Shares in Ireland’s Elan Corp have collapsed this morning after much-anticipated data on the investigational Alzheimer's drug bapineuzumab developed with Wyeth failed to meet expectations.

Data from a Phase II 234-patient study, which were presented at International Conference on Alzheimer's Disease in Chicago, revealed that those who do not carry the ApoE4 gene saw improvements on three of four measures of cognitive tasks as well as daily living activities. However, 12 cases of vasogenic oedema, a brain-swelling condition, were noted in patients taking AAB-001 (bapineuzumab), 10 of which occurred in those carrying the aforementioned gene.

Sid Gilman, chair of the independent safety monitoring committee for bapineuzumab, acknowledged that “this study was limited in its size, design and goals". However he added that "if the findings seen in these post-hoc analyses are replicated in the global Phase III programme (already begun by Elan and Wyeth), it would be a validation of the amyloid hypothesis and could change how physicians approach the treatment of Alzheimer's disease”.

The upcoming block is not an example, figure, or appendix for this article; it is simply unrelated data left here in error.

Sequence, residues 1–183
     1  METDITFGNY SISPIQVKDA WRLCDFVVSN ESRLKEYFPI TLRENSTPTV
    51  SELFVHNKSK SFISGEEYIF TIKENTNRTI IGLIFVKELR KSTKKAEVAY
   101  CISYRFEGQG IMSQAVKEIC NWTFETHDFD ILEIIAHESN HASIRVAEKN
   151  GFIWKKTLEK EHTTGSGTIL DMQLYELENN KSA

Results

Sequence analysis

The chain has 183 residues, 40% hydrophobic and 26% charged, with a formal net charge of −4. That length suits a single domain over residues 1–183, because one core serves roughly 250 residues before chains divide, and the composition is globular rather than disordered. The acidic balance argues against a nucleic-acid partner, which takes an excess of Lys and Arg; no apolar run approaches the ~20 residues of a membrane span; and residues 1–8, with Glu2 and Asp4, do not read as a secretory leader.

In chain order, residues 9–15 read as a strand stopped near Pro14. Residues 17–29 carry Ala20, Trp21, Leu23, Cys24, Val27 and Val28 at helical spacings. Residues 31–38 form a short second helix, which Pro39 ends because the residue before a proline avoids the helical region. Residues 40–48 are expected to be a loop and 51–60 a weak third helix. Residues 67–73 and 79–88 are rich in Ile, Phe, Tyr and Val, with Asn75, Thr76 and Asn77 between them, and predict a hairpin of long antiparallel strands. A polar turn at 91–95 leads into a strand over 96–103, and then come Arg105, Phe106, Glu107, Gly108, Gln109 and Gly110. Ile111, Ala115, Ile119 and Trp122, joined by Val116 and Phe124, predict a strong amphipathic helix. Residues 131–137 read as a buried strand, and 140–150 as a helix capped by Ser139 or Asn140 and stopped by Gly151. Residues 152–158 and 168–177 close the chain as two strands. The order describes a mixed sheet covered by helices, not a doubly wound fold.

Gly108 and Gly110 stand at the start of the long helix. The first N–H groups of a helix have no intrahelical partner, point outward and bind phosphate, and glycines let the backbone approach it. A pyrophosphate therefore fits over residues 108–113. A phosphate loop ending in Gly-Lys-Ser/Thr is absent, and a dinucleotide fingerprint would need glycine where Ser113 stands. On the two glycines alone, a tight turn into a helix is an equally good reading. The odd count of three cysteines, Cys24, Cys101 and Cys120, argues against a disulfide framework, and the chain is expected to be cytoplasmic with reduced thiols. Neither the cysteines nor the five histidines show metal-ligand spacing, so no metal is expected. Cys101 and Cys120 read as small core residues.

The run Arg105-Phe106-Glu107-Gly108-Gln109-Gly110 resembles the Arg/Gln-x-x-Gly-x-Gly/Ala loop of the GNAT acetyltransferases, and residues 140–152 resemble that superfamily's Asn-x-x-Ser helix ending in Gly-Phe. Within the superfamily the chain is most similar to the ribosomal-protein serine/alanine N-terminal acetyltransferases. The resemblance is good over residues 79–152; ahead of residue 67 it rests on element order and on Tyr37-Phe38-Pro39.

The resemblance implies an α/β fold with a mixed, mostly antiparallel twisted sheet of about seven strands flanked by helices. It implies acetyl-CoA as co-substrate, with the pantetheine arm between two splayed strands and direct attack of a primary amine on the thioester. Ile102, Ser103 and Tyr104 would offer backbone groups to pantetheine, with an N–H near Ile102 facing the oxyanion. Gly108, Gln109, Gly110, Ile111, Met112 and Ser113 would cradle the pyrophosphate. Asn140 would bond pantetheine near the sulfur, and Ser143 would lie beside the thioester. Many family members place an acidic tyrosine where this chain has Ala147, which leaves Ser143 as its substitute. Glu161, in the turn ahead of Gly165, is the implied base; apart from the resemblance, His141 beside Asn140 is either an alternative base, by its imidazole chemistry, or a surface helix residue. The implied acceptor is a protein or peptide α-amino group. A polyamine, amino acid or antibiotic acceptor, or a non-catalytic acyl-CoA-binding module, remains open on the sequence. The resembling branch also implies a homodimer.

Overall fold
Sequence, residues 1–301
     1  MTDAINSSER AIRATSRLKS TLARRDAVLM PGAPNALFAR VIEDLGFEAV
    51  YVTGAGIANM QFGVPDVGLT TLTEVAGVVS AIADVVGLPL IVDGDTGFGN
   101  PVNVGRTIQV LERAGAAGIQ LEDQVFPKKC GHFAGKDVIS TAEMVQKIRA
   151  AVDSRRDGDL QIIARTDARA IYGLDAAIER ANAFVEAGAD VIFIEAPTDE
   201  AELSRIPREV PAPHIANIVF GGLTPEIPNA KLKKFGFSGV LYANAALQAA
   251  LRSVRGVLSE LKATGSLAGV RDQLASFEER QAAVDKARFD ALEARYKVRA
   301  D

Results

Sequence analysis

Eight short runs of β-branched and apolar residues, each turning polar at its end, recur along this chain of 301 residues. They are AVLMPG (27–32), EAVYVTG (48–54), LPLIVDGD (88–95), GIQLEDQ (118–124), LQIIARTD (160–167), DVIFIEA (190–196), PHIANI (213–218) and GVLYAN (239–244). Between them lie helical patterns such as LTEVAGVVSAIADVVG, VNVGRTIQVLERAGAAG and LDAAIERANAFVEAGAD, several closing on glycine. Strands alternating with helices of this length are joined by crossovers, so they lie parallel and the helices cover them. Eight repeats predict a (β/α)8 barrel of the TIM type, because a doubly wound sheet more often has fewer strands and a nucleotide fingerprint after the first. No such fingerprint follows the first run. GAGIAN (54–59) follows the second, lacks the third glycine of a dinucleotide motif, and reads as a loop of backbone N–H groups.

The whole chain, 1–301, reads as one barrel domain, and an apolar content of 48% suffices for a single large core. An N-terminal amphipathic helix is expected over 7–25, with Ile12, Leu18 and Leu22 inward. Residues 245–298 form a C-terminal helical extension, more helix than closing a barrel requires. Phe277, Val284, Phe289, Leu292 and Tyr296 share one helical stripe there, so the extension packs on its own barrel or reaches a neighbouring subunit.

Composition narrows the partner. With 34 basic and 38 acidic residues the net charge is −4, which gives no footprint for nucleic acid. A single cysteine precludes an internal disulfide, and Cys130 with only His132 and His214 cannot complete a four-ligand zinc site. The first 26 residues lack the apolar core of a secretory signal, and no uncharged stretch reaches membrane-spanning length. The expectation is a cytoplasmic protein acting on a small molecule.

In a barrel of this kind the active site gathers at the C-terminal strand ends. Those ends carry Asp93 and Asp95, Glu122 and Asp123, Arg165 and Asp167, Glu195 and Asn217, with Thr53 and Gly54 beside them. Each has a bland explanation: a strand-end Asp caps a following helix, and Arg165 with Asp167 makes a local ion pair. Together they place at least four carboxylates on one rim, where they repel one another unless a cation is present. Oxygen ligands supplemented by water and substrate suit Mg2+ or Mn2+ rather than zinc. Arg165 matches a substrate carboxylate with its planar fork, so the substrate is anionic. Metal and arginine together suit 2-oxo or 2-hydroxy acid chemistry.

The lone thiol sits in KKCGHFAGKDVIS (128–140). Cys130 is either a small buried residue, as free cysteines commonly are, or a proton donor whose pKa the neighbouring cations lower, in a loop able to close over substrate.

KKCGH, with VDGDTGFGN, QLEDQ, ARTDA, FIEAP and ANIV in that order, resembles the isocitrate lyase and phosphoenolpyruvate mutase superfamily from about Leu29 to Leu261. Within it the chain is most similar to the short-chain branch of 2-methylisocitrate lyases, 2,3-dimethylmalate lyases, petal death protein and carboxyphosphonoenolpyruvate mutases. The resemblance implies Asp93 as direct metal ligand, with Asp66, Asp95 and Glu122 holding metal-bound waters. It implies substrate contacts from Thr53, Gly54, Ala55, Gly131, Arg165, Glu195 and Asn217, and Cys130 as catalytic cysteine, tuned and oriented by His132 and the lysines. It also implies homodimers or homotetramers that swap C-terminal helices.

Gary Stiles, Wyeth’s chief medical officer, claimed that the data “represent scientific validation of our decision to move rapidly into Phase III last year" where the firms “will learn much more since we will be able to study bapineuzumab in larger patient populations and better assess the results in ApoE4 carriers and non-carriers in separate trials”. He added that “we are encouraged by these results and we'll achieve greater insight as we move forward”.

These comments have failed to calm investors, however, who possibly got carried away in terms of their expectations for bapineuzumab. Such levels of expectation have certainly hurt Elan this morning as its share price was down 26.4% to 15.20 euros at 10.40 UK time.

Hunter, an analyst at Ireland’s Goodbody Stockbrokers, noted that the results “also threw up apparent anomalies in dose response” but said that “on actual drug development, however, little has changed”. In sentiment, however, “the outside hope in the market that the drug could be disease-modifying for a sub-set of patients has diminished”, he added, and the potential for bapineuzumab to come to market after an interim look at the Phase III data “has also receded for the present, pushing possible entry to the market out to 2011”.

Mr Hunter concluded by saying that the “knee-jerk reaction” from investors “is, we believe, overdone”. However, “the issue of the full data has, perhaps, seen a return to reality”.